About this Research Topic
Novel chemical sensors are poised to revolutionize fundamental scientific research and our daily lives, as they play a more and more important role in various areas within clinical diagnosis. Nowadays, several definitions of chemical sensors are widely recognized, among which include miniaturized devices that can deliver real- time and on-line information in the presence of specific compounds or ions in complex samples. They are also defined by IUPAC as devices that transform chemical information, ranging from the concentration of a specific sample component to total composition analysis, into an analytically useful signal. Furthermore, organic chemists consider them to include various synthetic molecular probes, alternatively known as chemosensors.
Chemical sensors form an interdisciplinary field that attracts not only chemists but also engineers with various backgrounds. Whether the approach is problem-oriented in order to tackle meaningful analytical problems, or an extension of a brilliant ideal or methodology, the way to a “perfect” chemical sensor is filled with obstacles that are equally interdisciplinary. The goal of this Research Topic is to emphasize the missing links between sensing concepts and real applications in the biomedical field, such as sensors targeting pH, oxygen, ions, nucleic acids for point-of-care testing, wearable and implantable devices. Indeed, transforming a sensing principle into a ready-to-use product faces challenges arising from various sides, including selectivity, detection limit, response time, sensitivity, reproducibility, portability, cost, etc.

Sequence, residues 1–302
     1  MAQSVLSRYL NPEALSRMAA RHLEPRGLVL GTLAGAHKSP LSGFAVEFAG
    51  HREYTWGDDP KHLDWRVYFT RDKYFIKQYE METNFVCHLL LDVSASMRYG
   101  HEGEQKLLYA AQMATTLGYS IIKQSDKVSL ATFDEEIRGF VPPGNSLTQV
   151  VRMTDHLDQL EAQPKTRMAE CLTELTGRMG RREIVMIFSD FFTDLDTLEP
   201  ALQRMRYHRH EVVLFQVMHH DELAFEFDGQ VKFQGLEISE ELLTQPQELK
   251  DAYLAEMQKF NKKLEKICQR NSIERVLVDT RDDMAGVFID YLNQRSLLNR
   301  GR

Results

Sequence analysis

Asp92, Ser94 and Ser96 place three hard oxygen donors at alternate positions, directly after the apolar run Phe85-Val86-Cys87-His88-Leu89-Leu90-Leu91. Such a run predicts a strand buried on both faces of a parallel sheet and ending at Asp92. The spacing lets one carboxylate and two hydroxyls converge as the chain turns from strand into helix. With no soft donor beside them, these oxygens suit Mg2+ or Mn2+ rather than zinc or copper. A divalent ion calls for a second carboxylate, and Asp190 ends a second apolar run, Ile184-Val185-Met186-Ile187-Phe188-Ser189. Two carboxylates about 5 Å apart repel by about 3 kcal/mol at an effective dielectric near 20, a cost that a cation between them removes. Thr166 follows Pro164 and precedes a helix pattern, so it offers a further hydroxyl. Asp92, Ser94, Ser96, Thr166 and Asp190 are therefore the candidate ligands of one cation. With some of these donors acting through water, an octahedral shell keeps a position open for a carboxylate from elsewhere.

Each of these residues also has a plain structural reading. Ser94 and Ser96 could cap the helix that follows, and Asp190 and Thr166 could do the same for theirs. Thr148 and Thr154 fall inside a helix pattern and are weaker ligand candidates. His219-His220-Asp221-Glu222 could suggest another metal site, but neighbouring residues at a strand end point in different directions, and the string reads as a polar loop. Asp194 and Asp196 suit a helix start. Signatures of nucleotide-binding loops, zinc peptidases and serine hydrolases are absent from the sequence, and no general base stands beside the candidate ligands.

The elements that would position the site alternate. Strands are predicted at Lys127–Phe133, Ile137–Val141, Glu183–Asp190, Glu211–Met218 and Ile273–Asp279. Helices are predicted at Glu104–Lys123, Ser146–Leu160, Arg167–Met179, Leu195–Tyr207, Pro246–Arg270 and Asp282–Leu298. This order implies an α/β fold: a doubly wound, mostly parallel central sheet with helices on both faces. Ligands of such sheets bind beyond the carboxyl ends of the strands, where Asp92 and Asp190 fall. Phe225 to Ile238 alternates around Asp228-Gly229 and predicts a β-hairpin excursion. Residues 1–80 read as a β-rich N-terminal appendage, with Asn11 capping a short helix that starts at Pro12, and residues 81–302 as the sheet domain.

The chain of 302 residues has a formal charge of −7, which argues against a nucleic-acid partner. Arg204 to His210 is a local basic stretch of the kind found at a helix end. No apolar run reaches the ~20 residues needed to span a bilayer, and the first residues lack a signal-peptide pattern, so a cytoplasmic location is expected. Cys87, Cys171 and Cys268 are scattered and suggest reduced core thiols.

We welcome new concepts and applications related to chemical sensors intended for biomedical use. Topics for individual contributions should be pertinent to the subject of chemical sensors, including but not limited to:
• optical sensors
• electrochemical sensors
• microfluidic devices
• devices for point-of-care testing
• wearable sensors
• functional nanomaterials for the fabrication of chemical sensors
Important Note: All contributions to this Research Topic must be within the scope of the section and journal to which they are submitted, as defined in their mission statements. Frontiers reserves the right to guide an out-of-scope manuscript to a more suitable section or journal at any stage of peer review.